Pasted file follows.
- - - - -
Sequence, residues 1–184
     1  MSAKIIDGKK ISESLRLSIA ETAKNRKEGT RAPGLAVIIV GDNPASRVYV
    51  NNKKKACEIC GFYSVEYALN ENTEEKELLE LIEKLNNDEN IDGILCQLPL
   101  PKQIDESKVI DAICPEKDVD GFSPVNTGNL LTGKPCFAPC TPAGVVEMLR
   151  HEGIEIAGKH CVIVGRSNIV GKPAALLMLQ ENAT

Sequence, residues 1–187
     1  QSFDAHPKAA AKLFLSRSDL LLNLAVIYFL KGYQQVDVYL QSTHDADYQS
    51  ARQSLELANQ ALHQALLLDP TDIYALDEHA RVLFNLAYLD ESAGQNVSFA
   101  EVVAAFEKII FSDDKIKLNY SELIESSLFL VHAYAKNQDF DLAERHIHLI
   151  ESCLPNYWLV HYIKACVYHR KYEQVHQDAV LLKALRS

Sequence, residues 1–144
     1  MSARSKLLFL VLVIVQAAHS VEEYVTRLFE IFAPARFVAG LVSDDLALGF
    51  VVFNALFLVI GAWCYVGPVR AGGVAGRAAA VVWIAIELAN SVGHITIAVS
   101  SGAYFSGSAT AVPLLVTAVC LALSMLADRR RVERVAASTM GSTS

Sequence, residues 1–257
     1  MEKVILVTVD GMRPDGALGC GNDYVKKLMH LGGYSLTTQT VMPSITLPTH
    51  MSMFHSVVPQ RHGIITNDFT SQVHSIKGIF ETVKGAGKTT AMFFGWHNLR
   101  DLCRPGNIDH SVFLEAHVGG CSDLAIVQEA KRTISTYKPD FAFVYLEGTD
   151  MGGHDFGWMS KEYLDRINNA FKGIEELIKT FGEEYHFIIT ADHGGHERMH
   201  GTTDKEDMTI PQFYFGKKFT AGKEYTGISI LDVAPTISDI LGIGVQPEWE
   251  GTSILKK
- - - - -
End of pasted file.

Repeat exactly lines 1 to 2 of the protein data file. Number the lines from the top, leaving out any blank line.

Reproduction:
Sequence, residues 1–184
     1  MSAKIIDGKK ISESLRLSIA ETAKNRKEGT RAPGLAVIIV GDNPASRVYV